Washington: The United States is preparing to withdraw more than 5,000 of its troops from Afghanistan as part of an initial peace deal with the Taliban that would include a ceasefire and renunciation of Al-Qaeda, a media report said Thursday.
The White House did not immediately respond to the news report.
Later, the authorities denied any such development, saying that the presence of the US forces was "conditions-based".
Quoting an unnamed US official, The Washington Post had reported Thursday that the Trump Administration was preparing to reduce its number of troops in Afghanistan from current 14,000 to 9,000 or 8,000.
According to the daily, the initial agreement would require the Taliban to begin negotiating a larger peace deal directly with the Afghan government.
Denying this, a Pentagon spokesman told The Washington Post that the Defence Department had not been ordered to withdraw forces from Afghanistan.
A State Department spokesperson told PTI, "While the RS (resolute support) or the DoD (Department of Defence) can speak with more authority on this issue, we have not adjusted our troop levels in Afghanistan to reflect our discussions with either the Afghan government or the Taliban."
"Adjustments over the years have been conditions-based. And any future reductions or withdrawal of forces will also be conditions-based," the spokesperson added.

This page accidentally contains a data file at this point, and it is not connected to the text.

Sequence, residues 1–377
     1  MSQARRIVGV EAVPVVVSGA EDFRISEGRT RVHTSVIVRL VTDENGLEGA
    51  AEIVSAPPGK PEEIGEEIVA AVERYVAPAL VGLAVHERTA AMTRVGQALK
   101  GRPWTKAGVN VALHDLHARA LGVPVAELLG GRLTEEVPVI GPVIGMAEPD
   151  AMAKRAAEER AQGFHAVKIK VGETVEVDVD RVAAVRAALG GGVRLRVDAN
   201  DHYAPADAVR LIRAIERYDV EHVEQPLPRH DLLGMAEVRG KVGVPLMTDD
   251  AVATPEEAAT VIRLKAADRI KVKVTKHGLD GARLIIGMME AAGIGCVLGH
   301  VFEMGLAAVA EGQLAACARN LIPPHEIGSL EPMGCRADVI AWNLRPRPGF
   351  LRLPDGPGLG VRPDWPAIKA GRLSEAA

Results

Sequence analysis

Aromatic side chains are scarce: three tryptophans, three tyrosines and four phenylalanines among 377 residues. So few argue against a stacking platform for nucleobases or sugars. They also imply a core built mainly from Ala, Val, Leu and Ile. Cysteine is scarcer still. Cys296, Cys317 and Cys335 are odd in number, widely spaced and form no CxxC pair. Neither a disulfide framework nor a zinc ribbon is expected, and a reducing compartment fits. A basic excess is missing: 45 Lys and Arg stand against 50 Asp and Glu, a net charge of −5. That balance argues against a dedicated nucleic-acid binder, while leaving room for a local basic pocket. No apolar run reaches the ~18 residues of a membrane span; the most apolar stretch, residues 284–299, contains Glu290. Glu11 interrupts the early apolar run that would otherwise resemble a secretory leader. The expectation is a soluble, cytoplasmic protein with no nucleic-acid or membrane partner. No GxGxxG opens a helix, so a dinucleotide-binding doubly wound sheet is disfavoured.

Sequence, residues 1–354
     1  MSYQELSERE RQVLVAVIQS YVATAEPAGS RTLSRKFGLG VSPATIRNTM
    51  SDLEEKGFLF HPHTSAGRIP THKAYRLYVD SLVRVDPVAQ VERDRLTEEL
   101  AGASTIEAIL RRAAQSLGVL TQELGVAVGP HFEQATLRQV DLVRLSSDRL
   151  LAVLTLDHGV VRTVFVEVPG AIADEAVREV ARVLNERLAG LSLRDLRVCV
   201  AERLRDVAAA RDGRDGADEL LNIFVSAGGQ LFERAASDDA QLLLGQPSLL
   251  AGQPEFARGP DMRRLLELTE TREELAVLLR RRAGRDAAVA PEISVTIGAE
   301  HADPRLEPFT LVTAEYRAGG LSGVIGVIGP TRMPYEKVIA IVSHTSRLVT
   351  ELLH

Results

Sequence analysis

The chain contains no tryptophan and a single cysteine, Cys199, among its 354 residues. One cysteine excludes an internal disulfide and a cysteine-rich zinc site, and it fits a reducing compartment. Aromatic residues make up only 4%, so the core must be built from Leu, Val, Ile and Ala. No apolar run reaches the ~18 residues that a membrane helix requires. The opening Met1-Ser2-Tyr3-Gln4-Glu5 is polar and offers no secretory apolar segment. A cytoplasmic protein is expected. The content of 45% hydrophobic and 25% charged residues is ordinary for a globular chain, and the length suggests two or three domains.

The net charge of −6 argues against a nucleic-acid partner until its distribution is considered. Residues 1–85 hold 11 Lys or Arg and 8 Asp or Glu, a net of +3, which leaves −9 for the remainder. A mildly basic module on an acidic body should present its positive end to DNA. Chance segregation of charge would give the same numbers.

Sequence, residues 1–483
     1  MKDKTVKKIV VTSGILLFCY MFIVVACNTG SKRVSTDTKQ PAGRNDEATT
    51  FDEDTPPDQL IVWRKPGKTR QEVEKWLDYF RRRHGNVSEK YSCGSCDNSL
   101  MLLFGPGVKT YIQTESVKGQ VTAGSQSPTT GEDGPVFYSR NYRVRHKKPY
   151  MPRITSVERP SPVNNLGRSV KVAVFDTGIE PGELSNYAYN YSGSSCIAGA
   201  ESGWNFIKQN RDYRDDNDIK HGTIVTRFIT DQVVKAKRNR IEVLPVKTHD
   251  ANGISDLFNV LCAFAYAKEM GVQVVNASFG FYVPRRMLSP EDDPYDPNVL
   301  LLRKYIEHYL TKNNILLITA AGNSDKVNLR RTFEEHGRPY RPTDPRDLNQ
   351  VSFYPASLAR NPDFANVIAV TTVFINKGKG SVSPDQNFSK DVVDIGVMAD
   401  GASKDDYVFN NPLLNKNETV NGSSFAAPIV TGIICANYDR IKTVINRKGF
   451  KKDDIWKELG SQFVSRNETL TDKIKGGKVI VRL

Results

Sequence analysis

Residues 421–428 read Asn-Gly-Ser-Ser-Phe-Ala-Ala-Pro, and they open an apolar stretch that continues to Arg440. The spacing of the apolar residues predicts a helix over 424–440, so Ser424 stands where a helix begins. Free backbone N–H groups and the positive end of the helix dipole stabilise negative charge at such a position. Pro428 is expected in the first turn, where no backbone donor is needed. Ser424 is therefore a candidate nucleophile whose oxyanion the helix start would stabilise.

CDR Rebecca Rebarich, DoD spokesperson, said, "The DoD has not been ordered to draw down. Our strategy in Afghanistan is conditions-based; our troops will remain in Afghanistan at appropriate levels so long as their presence is required to safeguard US interests.
Such an agreement has been an effort of Special US Representative for Afghan Reconciliation Zalmay Khalilzad.
Khalilzad, who left Kabul for Doha, said he had a "most productive visit to Afghanistan" since he took this job as a special representative.
"The US and Afghanistan have agreed on next steps. And a negotiation team and technical support group are being finalised,"he had tweeted.
In Doha, Khalilzad is scheduled to hold another round of talks with the Taliban.
"I'm off to Doha, with a stop in Islamabad. In Doha, if the Taliban do their part, we will do ours, and conclude the agreement we have been working on," he said.